For homeless people incapacitated by mental illness in Hawaii, years go by and ― for many ― nothing changes. They’re trapped. And their families struggle to get them help, despite a law passed five years ago that was supposed to offer a way out.
Cheryl Sasaki knows firsthand how hard it is to see a loved one on the streets ― and be able to do nothing about it. Her younger sister, Jeanette Serikaku, was homeless for decades. For 35 years, she was lost in a disease that manipulates how she thinks, feels and acts. “I’d see her at the K-Mart. By 7-11 on Dillingham,” said Sasaki. “I’d always stop by to see how she’s doing. And it was never an eye contact. She’d always look away from me.” As time passed, her condition manifested. Doctors diagnosed Serikaku with bipolar disorder shortly after graduating from Kalani High School. Sasaki said the whole family went to see the state psychiatrist for help. That was in the 1970s. And he had a discouraging message: “He couldn’t do anything because she was not hurting herself and she’s not hurting anybody,” Sasaki said.
Mental health advocates say despite changes in the law since then, that same explanation has kept Serikaku ― and others like her ― trapped on the streets. It used to be the only way a person could be forced to take psychiatric medication in Hawaii is if they committed a crime or had a legal guardian. But in 2014, the state Legislature passed a law called Assisted Community Treatment. It allows the courts to order a person to take medication if they’re proven to be an imminent danger to themselves or others. The problem: That threshold is so high the majority of Hawaii’s homeless suffering from mental illness don’t reach it, despite advocates and family members petitioning the court in a number of cases.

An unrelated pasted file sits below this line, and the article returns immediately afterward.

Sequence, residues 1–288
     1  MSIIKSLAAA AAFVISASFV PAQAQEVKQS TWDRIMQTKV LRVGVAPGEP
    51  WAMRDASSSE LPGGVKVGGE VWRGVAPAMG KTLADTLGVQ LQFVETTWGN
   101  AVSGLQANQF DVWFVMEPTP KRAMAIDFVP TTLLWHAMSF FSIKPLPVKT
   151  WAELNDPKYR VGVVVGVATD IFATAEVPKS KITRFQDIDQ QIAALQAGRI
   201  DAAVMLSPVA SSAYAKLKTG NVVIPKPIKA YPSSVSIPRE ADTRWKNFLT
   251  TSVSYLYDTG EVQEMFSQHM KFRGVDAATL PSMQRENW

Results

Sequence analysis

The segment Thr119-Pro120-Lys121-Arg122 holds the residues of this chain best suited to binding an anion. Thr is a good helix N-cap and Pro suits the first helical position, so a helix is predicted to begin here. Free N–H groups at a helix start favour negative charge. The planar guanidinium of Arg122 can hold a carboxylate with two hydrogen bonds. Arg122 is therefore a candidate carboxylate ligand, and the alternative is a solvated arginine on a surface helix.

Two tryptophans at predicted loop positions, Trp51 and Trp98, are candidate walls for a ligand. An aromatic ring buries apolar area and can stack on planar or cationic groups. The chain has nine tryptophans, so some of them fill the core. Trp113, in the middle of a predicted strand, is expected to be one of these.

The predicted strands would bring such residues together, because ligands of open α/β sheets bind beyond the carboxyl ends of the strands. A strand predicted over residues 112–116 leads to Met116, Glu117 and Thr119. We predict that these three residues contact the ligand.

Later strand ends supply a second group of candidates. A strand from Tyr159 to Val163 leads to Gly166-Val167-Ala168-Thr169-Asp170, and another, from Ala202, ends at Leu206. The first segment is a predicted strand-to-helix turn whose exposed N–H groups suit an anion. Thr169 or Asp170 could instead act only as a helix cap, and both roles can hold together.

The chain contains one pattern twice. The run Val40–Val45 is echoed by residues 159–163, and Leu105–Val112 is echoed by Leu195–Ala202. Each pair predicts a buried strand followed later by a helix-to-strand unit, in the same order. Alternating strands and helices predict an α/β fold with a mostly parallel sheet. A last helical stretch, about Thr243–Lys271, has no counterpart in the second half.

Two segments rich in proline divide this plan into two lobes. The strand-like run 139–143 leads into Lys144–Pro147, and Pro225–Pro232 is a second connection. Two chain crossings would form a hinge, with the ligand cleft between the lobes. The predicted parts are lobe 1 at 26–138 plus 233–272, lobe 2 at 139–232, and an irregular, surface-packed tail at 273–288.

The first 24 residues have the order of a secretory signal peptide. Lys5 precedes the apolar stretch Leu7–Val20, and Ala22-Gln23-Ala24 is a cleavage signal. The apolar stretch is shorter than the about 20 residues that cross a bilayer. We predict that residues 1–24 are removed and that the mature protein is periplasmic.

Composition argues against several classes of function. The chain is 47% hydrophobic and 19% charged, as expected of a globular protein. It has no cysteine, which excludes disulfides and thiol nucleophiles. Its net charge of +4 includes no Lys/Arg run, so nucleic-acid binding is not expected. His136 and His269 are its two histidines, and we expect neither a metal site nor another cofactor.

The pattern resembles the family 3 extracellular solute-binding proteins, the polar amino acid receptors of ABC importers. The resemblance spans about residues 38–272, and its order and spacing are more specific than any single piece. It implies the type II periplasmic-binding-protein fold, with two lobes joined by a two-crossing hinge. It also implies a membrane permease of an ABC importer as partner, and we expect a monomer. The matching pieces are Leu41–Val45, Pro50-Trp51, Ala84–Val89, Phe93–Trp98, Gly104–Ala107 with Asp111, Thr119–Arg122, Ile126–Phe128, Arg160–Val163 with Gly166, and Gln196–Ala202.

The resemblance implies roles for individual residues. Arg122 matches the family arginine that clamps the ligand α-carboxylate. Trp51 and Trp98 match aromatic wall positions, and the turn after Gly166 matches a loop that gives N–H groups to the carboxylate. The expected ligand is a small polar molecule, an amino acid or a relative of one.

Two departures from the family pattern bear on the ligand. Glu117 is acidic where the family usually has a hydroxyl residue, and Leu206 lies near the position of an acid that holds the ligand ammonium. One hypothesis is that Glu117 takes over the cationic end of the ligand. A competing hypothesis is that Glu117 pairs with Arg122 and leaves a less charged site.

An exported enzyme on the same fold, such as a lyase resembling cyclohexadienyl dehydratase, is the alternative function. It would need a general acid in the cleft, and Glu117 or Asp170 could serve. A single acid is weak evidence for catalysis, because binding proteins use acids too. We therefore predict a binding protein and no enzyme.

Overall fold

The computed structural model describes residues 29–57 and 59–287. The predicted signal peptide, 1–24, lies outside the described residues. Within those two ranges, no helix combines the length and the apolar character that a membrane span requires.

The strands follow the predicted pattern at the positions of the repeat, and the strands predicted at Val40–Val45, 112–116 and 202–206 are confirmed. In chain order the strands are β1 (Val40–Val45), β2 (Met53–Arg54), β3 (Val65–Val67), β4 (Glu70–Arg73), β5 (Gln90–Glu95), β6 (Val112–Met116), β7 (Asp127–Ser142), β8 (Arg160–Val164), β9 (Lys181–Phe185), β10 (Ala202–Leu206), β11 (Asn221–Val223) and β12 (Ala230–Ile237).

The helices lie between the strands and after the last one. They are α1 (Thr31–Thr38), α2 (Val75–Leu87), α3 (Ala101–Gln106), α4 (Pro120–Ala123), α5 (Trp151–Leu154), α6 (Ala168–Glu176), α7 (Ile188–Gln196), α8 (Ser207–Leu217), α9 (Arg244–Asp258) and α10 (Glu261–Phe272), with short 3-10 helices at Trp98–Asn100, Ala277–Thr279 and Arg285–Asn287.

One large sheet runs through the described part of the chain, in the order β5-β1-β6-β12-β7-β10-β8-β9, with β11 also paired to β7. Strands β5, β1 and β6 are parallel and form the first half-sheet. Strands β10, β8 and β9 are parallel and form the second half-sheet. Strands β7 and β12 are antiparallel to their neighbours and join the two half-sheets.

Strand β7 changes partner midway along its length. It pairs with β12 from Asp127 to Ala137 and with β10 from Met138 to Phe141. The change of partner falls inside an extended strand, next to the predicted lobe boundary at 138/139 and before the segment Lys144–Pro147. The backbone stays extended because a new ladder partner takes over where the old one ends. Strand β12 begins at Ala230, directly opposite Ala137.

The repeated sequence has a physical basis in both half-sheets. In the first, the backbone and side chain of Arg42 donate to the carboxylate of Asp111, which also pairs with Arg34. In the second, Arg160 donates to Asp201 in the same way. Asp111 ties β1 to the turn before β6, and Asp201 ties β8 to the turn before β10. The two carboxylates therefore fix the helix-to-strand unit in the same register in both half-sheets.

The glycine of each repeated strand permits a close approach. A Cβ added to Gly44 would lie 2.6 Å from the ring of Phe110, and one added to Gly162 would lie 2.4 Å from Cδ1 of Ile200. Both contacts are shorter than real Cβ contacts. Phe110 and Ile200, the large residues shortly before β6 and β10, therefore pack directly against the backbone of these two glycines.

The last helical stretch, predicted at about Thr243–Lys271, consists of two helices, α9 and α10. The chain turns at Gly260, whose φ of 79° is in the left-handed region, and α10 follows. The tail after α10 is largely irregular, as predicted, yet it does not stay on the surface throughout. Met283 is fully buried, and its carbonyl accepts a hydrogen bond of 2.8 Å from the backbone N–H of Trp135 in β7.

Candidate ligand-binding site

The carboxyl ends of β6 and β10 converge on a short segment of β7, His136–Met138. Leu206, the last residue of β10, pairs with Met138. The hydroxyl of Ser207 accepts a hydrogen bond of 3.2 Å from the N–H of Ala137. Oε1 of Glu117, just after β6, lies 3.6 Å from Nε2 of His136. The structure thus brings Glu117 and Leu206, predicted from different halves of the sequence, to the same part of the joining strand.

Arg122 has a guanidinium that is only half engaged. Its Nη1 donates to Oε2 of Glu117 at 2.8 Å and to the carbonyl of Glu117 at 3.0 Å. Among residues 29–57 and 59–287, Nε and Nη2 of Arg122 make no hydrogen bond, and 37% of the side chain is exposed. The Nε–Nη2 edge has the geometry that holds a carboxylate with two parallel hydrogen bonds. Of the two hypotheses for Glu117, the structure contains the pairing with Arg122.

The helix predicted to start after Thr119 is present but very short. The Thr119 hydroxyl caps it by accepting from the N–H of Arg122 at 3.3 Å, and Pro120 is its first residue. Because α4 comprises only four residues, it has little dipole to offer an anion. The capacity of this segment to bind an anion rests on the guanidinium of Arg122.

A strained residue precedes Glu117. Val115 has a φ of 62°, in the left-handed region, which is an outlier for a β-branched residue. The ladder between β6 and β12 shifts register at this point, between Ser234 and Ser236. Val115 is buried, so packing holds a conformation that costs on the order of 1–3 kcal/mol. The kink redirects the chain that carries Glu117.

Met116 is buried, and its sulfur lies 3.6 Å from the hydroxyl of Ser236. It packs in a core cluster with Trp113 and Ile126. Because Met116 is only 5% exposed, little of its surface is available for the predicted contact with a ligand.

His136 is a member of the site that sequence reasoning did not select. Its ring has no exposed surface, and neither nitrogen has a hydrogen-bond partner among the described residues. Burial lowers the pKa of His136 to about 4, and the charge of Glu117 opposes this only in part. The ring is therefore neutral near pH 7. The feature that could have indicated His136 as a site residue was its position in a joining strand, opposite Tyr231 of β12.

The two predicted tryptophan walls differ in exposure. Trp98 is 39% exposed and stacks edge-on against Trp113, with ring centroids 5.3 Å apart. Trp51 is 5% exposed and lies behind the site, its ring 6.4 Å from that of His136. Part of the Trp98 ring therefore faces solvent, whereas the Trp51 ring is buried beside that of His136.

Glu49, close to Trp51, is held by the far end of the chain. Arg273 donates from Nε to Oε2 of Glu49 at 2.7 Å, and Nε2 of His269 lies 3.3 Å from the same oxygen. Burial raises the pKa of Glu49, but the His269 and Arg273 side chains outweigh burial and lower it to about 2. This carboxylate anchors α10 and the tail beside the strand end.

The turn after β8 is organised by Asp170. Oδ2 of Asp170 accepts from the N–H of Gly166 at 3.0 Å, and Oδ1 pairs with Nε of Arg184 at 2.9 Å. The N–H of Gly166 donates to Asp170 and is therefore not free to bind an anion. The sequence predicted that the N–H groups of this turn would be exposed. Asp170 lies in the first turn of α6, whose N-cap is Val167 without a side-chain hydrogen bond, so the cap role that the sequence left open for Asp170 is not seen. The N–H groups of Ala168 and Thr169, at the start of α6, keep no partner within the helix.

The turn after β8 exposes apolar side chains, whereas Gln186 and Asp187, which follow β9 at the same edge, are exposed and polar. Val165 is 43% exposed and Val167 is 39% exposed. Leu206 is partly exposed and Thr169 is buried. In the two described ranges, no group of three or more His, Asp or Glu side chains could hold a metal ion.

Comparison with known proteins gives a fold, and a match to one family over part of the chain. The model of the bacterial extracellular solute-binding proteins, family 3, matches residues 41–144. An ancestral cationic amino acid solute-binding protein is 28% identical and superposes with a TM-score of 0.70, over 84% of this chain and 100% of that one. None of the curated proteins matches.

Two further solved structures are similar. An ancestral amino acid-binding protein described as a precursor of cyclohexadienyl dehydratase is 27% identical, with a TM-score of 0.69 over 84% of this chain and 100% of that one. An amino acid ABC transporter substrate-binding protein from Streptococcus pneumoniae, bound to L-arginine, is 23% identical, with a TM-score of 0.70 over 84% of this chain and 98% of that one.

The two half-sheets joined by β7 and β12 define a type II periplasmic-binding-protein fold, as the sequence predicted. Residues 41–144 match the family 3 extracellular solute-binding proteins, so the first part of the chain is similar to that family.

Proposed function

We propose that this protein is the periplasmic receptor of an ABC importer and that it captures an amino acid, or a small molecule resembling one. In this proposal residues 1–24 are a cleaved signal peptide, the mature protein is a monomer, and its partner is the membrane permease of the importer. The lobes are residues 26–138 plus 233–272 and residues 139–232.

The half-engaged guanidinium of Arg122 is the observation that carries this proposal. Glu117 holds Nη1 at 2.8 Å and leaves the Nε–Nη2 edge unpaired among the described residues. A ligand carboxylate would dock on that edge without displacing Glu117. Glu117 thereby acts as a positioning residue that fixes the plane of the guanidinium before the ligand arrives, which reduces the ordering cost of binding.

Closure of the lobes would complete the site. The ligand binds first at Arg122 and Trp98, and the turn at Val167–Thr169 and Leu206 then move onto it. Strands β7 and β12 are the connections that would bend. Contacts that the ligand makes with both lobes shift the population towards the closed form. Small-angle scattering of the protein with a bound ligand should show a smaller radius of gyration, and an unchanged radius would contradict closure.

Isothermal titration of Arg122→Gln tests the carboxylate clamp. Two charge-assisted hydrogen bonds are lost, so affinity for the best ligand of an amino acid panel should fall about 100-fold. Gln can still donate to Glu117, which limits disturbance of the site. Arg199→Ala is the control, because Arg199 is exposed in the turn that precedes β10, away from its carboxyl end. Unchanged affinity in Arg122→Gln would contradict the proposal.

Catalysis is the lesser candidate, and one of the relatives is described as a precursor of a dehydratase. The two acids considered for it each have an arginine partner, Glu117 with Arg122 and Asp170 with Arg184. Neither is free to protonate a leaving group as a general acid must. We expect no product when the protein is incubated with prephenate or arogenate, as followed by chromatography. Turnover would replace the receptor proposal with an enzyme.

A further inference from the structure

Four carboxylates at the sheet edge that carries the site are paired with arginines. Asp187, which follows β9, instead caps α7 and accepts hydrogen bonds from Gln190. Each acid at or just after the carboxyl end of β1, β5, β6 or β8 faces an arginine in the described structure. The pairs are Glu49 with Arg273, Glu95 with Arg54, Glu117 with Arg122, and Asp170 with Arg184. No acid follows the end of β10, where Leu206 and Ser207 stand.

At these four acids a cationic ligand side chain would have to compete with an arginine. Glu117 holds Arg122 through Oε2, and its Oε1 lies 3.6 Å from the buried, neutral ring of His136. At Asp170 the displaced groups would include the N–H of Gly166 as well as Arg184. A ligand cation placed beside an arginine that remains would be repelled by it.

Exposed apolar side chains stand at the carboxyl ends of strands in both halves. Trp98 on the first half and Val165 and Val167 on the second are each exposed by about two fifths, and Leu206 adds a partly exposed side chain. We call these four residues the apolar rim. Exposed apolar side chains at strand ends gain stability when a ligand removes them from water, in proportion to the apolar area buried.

“As I work with many of these people, you don’t think that they have any family involved. Or any family who have tried to help. But it’s actually quite the opposite,” said Dr. Chad Koyanagi, who heads up the Institute for Human Services’ psychiatric street medicine team.
It was Koyanagi who diagnosed Serikaku with schizophrenia, a chronic and severe mental disorder that can include hallucinations, delusions and extremely disordered thinking.The doctor started trying to convince Serikaku to accept treatment when he first encountered her ― as a student in medical school. Perseverance of Koyanagi and her sister eventually found there happy ending.
Not long ago, Sasaki had lost all hope that days like this would ever come. To be sure, there are still times when not everything her sister says makes sense. It’s to be expected in this stage of her recovery. Still, Sasaki is proud to say her sister has improved “1000%” compared to a year ago.
“A thousand percent meaning she has medication. She has housing,” said Sasaki.
“Mentally-wise I think she’s better. She smiles. She says thank you. She’s starting to take care of herself too. It’s good to see her back in society.”
It took 35 years, but Serikaku is finally free ― no longer a hostage of her paranoia but a survivor who managed to escape the filth of the street. She’ll tell you how it happened: “Help is inside that needle,” she said.
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